Shiny New Toy?
For my 30th birthday, I received a new piece of technology as a gift from my mother. It’s a piece of software called Dragon Dictate. You may have heard about it on TV or come across it on a web ad. What happens when we get a new piece of technology? Sometimes I think we’ll find that it can seamlessly integrate itself into our daily routine. When I got a new phone, for instance, I found it did all the things that my old phone used to do. Since it was a smart phone, however, it also did a new range of things that my old phone couldn’t do. All of a sudden I could surf the web, and check my e-mail, and integrate the address books on my computer and telephone.
Fear the Dragon!
I’m hoping that Dragon Dictate is a piece of software that can bridge the gap between what I say and what I type or write. More than one of my instructors when I was an undergraduate commented that that I was more eloquent aloud in class then I was on paper even given time at home to compose my thoughts. I’ve always had a bit of the gift of gab–even though I do hope to kiss the Blarney Stone when I’m in Ireland later this year–but it is particularly evident if you were to meet me in person and then compare it with my writing. I don’t mean to say that my writing is poor, and it’s obviously a skill that I hope to continue to improve by writing on this blog. Yet I think that however improved my writing could be from constant exercise, it will still be less than what I can say extemporaneously. I hope that doesn’t break some terrible unwritten rule about working in the academy. I know we’re all supposed to be gifted writers and speakers, but is it an egregious lack of tact to claim that I’m better at one than the other and use the weaker medium to share that claim with everyone? I bet that sounded much better aloud.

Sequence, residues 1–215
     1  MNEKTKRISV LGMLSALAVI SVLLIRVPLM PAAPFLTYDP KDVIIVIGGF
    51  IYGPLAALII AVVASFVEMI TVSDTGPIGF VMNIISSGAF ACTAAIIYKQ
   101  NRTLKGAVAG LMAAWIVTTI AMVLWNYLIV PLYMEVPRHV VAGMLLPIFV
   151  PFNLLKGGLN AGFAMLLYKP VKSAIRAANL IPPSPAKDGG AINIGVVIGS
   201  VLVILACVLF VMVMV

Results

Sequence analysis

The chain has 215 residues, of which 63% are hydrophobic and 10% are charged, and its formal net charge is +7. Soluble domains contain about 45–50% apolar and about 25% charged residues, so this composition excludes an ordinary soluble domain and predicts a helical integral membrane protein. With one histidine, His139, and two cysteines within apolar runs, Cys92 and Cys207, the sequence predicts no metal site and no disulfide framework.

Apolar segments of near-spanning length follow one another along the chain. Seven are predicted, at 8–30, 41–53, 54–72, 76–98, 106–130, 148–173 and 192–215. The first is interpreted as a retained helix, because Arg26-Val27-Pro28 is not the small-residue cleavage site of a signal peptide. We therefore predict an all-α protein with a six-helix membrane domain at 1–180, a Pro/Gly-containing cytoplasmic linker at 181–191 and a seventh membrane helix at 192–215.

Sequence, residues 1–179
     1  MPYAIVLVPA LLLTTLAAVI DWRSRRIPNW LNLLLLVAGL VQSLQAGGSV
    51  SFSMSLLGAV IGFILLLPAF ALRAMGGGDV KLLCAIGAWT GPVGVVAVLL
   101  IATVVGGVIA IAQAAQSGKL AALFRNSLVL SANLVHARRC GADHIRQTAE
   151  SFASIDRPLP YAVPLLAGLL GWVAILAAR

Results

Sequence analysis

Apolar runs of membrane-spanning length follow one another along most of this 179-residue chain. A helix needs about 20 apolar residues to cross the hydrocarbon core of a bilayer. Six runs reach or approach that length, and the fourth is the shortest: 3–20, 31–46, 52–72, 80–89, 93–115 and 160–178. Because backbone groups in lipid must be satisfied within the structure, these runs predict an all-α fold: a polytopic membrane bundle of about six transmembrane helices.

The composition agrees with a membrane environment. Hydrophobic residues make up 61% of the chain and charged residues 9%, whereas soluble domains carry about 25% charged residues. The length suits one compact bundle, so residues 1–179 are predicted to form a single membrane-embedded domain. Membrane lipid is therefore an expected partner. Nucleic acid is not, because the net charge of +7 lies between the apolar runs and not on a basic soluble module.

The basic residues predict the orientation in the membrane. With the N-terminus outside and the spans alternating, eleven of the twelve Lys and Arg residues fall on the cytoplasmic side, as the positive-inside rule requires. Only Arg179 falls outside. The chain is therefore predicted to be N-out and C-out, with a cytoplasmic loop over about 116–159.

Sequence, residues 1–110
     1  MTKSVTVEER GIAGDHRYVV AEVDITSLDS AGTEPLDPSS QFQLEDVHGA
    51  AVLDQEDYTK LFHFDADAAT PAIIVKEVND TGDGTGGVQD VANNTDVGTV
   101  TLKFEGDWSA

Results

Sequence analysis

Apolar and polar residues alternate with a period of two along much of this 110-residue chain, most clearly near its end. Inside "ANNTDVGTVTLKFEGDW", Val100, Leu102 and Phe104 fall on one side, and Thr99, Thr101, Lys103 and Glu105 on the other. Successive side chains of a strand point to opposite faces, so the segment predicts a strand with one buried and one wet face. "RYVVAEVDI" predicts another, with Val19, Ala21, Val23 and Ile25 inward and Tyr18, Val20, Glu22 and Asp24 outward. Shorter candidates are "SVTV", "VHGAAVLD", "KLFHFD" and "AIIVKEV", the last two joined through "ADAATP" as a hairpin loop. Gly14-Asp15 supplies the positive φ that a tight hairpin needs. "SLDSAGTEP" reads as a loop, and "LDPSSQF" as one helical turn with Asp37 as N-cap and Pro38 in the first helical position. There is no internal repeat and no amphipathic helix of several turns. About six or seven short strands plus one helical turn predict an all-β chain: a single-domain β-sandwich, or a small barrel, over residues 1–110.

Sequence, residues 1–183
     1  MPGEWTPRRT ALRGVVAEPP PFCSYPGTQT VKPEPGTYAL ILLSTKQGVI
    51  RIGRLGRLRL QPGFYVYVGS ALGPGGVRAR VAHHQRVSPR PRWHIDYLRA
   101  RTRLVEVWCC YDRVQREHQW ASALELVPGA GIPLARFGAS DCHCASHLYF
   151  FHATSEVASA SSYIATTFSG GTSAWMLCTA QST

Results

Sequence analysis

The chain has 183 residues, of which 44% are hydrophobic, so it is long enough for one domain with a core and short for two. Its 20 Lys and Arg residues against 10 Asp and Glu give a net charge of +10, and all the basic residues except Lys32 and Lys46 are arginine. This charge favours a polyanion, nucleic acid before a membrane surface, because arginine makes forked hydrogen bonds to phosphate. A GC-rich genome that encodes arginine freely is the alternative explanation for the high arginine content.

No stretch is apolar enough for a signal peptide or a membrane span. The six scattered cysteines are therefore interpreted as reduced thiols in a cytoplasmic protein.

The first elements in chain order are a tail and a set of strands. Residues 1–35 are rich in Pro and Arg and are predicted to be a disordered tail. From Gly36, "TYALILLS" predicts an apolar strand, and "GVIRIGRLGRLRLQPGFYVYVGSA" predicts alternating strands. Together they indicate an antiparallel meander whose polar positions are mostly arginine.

Chink in the Armor?
The reason I decided I wanted Dragon Dictate is that I’m preparing a series of lectures that I will give as part of a course I’m teaching this summer. I’m also dealing with a variety of materials in my dissertation research such as letters and testimonials that are nowhere else transcribed. It’s likely that I will photograph these materials, which are not digitally available, and it may be that the easiest way to transcribe large chunks of these texts will be to read them aloud into this program. The lectures and transcription share the common need for a way to capture what I say aloud quickly and accurately. The lectures will be written using my notes, which I will prepare ahead of time and have in front of me when I speak to the computer program. That’s the plan at least. I’m hoping that it will work better than any kind of workflow where I would sit and type up what I think I would like to say and then practice saying it, making changes as I go along. That seems to me backwards not only in intent but also in practice, so perhaps saying it aloud first and revisiting the transcription will allow me a new kind of clarity on what it is I say and how it is that I’m saying it.
As I experimented more with the program I found, however, that it was much easier to speak naturally without inserting any of the punctuation that the software would like you to include (say aloud “comma”), and that it was easy to add them later on in the editing process. This may mean perhaps a second or even a third or fourth run through of the material–something I normally do for all my blogs, even though this often fails to catch all the mistakes that I make. It may add to the labor of the process in ways I haven’t fully quantified yet, and I can bet that it will change, in subtle ways, the way I say things. I wonder if I’ll be able to identify the changes? Will I pause in different places or speak at a different pace? Who knows? This particular piece of technology will influence my work will and I’ll try to note as we go along which of my blog posts have been composed with Dragon Dictate and which ones were entirely composed without the speech software. Into the great technological yonder, right?